There are two types of addresses on the ethereum network: externally owned addresses (EOAs) and contract addresses.
EOAs are simple addresses, like you would find in bitcoin or some other blockchains. They can send and receive funds, but they do not run any additional code.
Contract addresses, on the other hand, run code every time an EOA or other contract address interacts with them. This code can do a very wide variety of things, from simply updating a balance to creating new digital assets!
Your Pay wallet in the Casa app generates EOAs, and your Casa app uses an HD (hierarchical deterministic) key, which generates a new address with each transaction that's made.
It's normal for your receiving address to change, but any previous addresses that you've used for that keyset can be used again to receive funds, even though your Casa app is showing you a different deposit address.
This means that you can whitelist an address at your exchange, for example, and any withdrawals you make to that address will go to your Casa wallet, despite the app showing you a different address, unless you ever transfer funds to a new keyset in your Casa app (we call this a key rotation), which you may do if, for example, you want to replace a hardware device in the future. In that case, you should not send to any previous addresses from the old keyset.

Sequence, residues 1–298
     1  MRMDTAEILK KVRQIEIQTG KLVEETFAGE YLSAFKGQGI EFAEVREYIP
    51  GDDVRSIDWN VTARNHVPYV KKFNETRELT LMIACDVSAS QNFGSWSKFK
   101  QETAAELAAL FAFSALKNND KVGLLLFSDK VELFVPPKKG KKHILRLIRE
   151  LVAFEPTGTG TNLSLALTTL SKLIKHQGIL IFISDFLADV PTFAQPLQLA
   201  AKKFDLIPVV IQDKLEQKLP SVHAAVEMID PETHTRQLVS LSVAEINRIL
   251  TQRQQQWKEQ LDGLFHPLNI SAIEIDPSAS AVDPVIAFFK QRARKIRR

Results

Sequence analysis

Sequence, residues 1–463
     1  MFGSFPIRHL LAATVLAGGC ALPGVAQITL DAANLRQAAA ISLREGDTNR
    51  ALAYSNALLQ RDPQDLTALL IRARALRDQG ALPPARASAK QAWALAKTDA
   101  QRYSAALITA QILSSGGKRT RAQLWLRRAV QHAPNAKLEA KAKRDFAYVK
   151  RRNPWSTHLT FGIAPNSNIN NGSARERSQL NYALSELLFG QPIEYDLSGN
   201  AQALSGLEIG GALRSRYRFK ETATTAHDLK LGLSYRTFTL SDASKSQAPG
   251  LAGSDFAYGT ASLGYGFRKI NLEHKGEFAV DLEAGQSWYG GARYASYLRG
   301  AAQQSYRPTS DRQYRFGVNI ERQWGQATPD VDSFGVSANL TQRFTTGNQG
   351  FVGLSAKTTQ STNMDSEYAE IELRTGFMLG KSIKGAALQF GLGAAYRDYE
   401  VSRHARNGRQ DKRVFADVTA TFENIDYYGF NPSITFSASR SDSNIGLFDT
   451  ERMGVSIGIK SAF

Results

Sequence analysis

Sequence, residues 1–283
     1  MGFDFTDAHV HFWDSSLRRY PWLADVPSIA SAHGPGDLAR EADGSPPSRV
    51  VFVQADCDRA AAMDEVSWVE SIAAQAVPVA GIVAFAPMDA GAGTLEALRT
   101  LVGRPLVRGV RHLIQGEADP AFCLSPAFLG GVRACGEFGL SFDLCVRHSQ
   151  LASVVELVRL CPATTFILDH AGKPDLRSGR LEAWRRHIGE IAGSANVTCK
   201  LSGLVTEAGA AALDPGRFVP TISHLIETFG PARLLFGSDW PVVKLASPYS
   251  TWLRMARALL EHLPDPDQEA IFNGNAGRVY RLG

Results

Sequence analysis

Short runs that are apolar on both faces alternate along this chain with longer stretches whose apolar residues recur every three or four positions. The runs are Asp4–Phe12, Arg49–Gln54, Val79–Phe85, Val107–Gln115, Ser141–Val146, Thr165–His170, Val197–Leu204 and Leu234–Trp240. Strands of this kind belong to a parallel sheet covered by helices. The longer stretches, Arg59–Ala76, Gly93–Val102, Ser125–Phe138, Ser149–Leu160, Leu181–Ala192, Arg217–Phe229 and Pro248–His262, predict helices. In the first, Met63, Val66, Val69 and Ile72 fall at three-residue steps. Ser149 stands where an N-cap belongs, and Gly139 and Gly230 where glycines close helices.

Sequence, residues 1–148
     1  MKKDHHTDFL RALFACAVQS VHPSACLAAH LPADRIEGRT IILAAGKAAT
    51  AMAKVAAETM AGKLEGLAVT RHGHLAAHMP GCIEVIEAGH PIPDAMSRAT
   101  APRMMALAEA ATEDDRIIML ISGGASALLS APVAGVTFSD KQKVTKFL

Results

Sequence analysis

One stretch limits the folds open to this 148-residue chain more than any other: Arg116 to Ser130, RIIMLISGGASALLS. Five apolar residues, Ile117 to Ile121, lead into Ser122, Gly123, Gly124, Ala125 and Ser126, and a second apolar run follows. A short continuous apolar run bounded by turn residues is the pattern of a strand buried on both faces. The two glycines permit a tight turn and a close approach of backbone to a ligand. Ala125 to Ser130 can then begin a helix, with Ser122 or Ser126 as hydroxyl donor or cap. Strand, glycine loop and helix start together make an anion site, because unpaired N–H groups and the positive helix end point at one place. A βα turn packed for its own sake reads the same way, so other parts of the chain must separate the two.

Vaults in your Casa app are contract addresses. The contract, in this case, governs how many keys are necessary to sign a transaction, and specifies which keys are active.
If and when you need to, you can replace a key for your vault by updating this contract to tell it to remove one key and replace it with a new one.